The $5 billion fine Facebook agreed to pay to the Federal Trade Communications in a settlement over privacy issues had no bearing on the company’s second-quarter financial results, which were reported earlier this week.
Facebook reported revenue of $16.886 billion, up 28% from $13.231 billion in the second quarter of 2018. Nearly all of that revenue—$16.624 billion—came from advertising.
Chief financial officer David Wehner said in his opening remarks during Facebook’s earnings call that in terms of regional ad revenue growth, North America and the Asia-Pacific region led at 30% apiece, followed by Europe at 21% and rest of world at 21%, adding that the latter was impacted by currency headwinds.
The company’s net income fell 49% year-over-year, to $2.616 billion from $5.106 billion. Facebook cited a $2 billion accrual in connection with its FTC settlement, as well as a cumulative income tax expense of $1.1 billion due to the Ninth Circuit Court of Appeals’ reversal of a U.S. Tax Court decision regarding the treatment of share-based compensation expense in a cost-sharing arrangement.
Facebook said over 2.1 billion people now use its family of applications—Facebook, Instagram, WhatsApp and Messenger—on a daily basis, and more than 2.7 billion do so on a monthly basis.
Facebook reported an average of 1.59 billion daily active users at the end of the second quarter, up 8% compared with the year-ago period. Wehner said gains in India, Indonesia and the Philippines helped drive growth.
The social network had 2.41 billion monthly active users at the end of the quarter, up 8% year-over-year.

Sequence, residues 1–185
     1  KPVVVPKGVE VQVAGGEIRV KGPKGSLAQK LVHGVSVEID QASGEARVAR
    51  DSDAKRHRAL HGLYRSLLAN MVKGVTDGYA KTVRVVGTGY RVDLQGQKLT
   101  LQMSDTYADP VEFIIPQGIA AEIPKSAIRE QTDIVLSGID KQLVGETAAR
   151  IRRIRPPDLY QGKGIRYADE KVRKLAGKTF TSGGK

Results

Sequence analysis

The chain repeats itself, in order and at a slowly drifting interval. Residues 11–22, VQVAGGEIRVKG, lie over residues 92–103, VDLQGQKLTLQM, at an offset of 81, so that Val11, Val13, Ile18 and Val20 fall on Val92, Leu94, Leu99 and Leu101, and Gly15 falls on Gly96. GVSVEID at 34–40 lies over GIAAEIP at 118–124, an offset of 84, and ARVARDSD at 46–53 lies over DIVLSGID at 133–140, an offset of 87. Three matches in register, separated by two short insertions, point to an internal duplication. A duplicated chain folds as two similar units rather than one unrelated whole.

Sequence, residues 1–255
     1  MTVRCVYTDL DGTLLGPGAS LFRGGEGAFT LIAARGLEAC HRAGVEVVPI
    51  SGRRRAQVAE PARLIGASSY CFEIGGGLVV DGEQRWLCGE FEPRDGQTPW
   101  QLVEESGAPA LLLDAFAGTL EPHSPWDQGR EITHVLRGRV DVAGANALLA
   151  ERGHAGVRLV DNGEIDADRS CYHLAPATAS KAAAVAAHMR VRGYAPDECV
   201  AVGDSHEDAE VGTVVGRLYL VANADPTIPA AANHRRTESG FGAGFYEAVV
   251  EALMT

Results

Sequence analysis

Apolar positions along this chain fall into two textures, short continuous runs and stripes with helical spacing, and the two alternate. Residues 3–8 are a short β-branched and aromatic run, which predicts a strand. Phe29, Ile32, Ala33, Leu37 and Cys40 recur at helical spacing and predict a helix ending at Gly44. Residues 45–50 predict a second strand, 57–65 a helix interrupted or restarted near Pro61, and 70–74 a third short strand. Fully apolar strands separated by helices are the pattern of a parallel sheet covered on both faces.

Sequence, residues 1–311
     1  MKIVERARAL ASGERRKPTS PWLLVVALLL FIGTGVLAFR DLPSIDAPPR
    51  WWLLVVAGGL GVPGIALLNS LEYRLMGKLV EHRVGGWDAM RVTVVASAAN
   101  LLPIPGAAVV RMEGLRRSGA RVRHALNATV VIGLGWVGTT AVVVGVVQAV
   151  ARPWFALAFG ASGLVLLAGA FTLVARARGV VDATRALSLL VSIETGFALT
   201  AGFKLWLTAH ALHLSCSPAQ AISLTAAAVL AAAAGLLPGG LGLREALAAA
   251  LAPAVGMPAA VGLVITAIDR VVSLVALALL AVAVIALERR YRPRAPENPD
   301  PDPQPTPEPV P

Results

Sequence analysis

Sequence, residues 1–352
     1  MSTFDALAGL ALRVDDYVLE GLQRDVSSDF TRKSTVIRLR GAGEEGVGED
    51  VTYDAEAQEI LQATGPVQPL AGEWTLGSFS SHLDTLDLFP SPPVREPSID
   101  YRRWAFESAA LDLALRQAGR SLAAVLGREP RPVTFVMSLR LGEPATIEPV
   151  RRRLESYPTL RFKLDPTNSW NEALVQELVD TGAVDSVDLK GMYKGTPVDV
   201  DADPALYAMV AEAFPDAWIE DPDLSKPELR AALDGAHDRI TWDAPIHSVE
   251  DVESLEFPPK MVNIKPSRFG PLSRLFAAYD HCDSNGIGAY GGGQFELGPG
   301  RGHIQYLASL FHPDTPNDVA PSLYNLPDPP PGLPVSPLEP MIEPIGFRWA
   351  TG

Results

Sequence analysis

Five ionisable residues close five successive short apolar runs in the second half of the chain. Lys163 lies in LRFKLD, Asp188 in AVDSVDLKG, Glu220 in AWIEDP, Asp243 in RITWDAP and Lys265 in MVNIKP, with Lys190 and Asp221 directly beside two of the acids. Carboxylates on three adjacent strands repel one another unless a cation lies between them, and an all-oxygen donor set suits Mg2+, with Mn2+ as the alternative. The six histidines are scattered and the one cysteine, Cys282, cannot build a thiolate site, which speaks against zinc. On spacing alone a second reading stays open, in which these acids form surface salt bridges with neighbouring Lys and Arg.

Mobile advertising revenue accounted for 94% of total advertising revenue for the quarter, up from 91% last year.
Facebook had a total headcount of 39,651 as of June 30, up 31% from the same date in 2018.
The shift in advertising on the social network from News Feed to Stories was discussed frequently during the company’s earnings call.
Chief operating officer Sheryl Sandberg said during her opening remarks, “Consumers often adopt new technologies first, and our competitive advantage is helping advertisers reach people where they are. We helped businesses make the shift to mobile, and now we are helping them shift to Stories, video and eventually messaging. We know that it’s not enough to make these new formats available. We also need to make it easy for advertisers to create effective ads. We do this by launching new ad products and by improving our existing ones to deliver more value for people and advertisers.”
She did not discount News Feed ads, saying, “We’re constantly making incremental improvements to Facebook feed ads. This quarter, we improved how quickly we refresh the ads people see. In the past, these ads were pre-selected at the beginning of a feed session. Now, the ads are refreshed while people are scrolling through their feed. This means people get more relevant ads, which improves engagement and delivers a better return on investment for advertisers.”
She expanded on Stories ads during the question-and-answer portion of the call, saying, “One of the most important things we learned as we were doing this transition to mobile is that if we made it easier for our advertisers to place the ad, to make sure they understood the measurement they were having, and also to make sure the ads format worked, businesses would move more quickly. Usually, people move before businesses, so people moved to mobile before businesses, and we certainly saw the same with Stories. But I think one of the successes you’re seeing that we’re having right now is that we are helping people move to Stories more quickly because of the lessons we learned.”